Disjoint sum of partially ordered sets

From Encyclopedia of Mathematics
Jump to: navigation, search
The printable version is no longer supported and may have rendering errors. Please update your browser bookmarks and please use the default browser print function instead.

2020 Mathematics Subject Classification: Primary: 06A [MSN][ZBL]

disjoint sum of posets

Let $P$ and $Q$ be two partially ordered sets.

The disjoint sum $P+Q$ of $P$ and $Q$ is the disjoint union of the sets $P$ and $Q$ with the original ordering on $P$ and $Q$ and no other comparable pairs. A poset is disconnected if it is (isomorphic to) the disjoint sum of two sub-posets. Otherwise it is connected. The maximal connected sub-posets are called components.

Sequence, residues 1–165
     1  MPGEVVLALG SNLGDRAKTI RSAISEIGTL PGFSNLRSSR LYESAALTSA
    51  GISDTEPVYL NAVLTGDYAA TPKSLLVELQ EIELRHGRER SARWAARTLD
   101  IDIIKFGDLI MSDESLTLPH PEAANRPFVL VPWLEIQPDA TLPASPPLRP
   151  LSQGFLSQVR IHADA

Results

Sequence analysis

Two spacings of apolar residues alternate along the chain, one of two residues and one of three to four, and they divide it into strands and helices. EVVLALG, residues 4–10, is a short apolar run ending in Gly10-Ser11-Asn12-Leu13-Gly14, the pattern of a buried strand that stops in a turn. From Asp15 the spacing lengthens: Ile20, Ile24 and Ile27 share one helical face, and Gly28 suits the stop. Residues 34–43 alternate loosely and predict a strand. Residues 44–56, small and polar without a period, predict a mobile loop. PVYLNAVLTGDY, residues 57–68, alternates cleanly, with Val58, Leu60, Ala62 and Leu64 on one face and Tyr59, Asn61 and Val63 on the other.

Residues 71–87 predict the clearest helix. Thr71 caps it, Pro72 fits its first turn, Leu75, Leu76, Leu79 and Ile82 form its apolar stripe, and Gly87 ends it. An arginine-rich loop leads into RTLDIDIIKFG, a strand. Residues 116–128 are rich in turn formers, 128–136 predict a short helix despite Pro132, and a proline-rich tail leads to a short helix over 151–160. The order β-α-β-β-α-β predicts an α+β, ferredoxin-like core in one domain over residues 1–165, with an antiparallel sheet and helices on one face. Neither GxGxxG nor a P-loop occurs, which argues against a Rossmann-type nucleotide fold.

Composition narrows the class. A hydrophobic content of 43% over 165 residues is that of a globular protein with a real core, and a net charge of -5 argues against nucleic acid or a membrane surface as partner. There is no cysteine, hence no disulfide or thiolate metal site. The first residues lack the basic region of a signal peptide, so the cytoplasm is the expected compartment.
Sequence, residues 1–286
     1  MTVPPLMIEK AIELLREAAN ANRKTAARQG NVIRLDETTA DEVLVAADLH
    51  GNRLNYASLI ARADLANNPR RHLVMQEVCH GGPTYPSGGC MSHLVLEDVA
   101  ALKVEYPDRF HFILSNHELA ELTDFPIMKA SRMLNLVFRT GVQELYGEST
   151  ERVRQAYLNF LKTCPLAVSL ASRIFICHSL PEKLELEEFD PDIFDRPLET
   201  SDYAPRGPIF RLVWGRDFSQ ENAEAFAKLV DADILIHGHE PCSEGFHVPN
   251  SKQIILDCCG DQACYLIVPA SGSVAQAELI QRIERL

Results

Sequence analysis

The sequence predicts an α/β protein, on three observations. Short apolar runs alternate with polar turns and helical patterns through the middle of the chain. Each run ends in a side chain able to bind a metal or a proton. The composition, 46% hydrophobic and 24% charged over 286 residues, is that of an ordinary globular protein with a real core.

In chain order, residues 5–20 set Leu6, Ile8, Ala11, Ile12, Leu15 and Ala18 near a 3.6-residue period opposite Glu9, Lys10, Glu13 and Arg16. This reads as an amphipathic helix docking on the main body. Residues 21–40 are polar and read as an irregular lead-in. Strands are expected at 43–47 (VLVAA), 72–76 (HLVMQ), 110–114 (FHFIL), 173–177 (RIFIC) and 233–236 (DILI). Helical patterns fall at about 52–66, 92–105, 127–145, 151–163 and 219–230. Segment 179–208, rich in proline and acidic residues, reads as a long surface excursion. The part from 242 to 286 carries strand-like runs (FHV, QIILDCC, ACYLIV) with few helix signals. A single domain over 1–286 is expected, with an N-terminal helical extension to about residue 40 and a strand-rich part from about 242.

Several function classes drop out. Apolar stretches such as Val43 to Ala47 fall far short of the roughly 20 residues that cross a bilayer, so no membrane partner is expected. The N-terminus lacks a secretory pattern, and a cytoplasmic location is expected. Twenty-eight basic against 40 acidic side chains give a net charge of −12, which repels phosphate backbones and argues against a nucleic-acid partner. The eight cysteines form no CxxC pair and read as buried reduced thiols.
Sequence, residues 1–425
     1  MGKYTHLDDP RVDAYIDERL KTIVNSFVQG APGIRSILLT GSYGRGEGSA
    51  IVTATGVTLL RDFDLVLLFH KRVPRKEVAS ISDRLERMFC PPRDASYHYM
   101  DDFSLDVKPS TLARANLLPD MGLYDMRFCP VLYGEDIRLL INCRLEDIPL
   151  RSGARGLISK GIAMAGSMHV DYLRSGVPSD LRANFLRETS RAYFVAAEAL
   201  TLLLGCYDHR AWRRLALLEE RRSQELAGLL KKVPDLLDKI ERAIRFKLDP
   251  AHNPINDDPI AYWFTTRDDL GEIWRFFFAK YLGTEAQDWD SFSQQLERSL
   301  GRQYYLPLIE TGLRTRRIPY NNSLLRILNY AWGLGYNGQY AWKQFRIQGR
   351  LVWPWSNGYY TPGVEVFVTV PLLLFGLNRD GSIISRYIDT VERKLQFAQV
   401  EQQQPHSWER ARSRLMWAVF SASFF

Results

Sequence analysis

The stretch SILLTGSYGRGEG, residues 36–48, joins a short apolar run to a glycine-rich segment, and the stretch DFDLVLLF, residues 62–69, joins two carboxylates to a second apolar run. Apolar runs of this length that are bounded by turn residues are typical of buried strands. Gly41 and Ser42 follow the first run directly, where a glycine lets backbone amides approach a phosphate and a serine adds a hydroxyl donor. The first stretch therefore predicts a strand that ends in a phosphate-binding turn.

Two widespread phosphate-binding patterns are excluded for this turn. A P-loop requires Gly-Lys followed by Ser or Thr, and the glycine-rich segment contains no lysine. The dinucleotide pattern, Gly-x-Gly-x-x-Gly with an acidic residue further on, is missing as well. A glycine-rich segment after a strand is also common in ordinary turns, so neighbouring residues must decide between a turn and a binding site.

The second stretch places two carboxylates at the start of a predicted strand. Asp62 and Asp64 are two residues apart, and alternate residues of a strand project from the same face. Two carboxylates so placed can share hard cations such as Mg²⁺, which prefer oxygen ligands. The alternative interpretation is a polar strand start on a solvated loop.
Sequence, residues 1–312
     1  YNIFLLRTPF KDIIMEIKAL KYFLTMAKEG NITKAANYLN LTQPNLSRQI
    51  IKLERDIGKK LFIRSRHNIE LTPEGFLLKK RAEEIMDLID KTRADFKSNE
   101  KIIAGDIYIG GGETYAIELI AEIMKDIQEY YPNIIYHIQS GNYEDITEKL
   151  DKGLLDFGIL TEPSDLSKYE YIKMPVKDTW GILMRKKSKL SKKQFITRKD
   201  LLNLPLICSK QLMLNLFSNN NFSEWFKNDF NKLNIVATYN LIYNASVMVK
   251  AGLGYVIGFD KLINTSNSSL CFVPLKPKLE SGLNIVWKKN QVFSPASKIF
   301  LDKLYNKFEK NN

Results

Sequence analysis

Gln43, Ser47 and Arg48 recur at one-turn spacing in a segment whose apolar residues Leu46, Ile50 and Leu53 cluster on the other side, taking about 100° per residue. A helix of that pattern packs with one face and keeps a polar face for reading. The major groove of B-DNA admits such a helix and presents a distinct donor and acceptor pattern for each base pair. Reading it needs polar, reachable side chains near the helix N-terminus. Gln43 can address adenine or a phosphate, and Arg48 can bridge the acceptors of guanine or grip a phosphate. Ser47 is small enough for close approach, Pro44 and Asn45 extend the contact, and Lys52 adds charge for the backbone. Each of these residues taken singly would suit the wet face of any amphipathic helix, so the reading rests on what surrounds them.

The disjoint sum is the direct sum in the category of posets and order-preserving mappings. The direct product in this category is the Cartesian product $P\times Q$ with partial ordering

$$(p,q)\geq(p',q')\Leftrightarrow p\geq p',q\geq q'.$$


[a1] W.T. Trotter, "Partially ordered sets" R.L. Graham (ed.) M. Grötschel (ed.) L. Lovász (ed.) , Handbook of Combinatorics , I , North-Holland (1995) pp. 433–480
How to Cite This Entry:
Disjoint sum of partially ordered sets. Encyclopedia of Mathematics. URL:
This article was adapted from an original article by M. Hazewinkel (originator), which appeared in Encyclopedia of Mathematics - ISBN 1402006098. See original article